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10 Warnings Signs of Testicular Cancer Every Man Should Know
There is one cancer that hits more young men between the ages of 15 and 35 more than any other type of cancer. This cancer is highly treatable when found early but most men shy away from this subject if they can avoid it and men are much less likely to go see a doctor than women are, increasing their odds that this cancer will spread. What cancer are we talking about? Testicular cancer.
There are many things about this cancer that scientists do not completely understand, but they do know the most common factors that could mean you have an increased risk, including:
- An undescended testicle (cryptorchidism) – Even if the testicle was later relocated to the scrotum surgically, this is still the highest risk of factor for this type of cancer.
- Age – Although it can affect men at any age, it typically strikes young men between the ages of 15 to 35.
- Family History – If your father or other close family member had testicular cancer, you are at a higher risk.
- Smoking – Studies show that men who have smoked a pack of cigarettes each day for more than 12 years are twice as likely to develop testicular cancer as those who do not smoke.
- Race – This cancer affects more white men than any other group, although scientists do not understand why this is.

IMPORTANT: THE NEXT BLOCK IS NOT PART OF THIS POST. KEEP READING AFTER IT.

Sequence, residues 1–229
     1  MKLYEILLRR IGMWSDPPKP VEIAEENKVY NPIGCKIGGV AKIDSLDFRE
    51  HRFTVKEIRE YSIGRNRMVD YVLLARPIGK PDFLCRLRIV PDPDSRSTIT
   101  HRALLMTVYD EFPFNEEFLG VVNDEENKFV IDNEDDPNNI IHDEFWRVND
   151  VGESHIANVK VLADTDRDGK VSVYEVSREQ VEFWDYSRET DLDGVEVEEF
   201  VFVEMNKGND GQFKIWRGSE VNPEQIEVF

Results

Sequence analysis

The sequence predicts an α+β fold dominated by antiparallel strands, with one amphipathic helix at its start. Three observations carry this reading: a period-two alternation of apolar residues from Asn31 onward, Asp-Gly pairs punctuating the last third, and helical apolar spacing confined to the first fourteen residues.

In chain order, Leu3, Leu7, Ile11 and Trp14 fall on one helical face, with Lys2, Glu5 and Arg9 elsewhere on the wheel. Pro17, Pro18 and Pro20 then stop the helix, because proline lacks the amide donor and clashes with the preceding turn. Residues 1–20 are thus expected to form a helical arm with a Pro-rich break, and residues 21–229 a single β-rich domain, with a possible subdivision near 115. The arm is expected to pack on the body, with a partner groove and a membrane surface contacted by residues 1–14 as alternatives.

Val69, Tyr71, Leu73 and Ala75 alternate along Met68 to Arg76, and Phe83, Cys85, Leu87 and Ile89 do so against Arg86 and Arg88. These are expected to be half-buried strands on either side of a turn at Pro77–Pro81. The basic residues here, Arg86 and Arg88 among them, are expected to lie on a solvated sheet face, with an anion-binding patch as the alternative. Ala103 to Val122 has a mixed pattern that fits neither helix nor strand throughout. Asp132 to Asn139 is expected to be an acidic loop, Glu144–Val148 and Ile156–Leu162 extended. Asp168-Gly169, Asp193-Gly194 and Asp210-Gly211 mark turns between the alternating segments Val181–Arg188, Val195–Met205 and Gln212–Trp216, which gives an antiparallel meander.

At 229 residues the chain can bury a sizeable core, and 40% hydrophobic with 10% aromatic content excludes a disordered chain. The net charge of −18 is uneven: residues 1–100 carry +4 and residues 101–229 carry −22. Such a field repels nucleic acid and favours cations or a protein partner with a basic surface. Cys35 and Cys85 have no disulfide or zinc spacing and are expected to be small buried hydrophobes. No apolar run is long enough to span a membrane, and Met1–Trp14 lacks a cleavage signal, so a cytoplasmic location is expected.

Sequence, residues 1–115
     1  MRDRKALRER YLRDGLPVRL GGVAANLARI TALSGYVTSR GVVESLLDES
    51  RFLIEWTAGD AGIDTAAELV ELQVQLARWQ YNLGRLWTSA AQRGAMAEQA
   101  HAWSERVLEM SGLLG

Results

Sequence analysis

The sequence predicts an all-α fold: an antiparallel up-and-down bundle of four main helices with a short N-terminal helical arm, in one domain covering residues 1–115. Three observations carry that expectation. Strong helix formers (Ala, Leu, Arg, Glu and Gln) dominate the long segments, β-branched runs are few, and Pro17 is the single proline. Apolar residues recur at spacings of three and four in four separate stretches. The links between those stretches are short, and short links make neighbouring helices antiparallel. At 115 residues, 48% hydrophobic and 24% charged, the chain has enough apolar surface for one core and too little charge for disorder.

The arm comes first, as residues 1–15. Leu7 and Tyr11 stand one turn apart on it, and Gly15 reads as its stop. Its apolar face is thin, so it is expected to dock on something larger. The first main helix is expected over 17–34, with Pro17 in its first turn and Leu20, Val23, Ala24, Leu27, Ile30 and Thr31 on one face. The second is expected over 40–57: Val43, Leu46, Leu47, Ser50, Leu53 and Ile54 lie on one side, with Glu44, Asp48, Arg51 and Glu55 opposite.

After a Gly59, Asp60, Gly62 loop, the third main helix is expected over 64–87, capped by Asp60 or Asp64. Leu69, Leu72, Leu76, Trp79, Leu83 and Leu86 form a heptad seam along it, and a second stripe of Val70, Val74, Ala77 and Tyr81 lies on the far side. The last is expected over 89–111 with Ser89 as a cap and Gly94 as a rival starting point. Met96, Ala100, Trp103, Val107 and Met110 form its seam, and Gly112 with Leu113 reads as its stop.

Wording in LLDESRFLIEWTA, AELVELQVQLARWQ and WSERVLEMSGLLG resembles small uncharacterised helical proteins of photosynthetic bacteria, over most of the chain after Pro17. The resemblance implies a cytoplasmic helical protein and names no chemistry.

- HIV – Men infected with HIV have an increased risk.
- Abnormal Testicle Development – Those with abnormally developed testicles, such as a genetic condition called Klinefelter’s Syndrome, increases your risk of this type of cancer.
This cancer appears to peak at two different ages; first in those between the ages of 15 and 35, but again in men over the age of 50. The good news is that almost all cases of testicular cancer can be cured. This cancer has a 90 to 95percent survival rate, which should give you hope if you or someone you love has been diagnosed with this type of cancer.
This type of cancer is classified as being either seminomas or nonseminomas. Although testicular cancer only hits about 1 percent of men, about 400 men each year die from this disease. Testicular cancer has more than doubled among white men in the past 40 years and has recently begun to increase among black men, but the reason for the rise in either group is not known.
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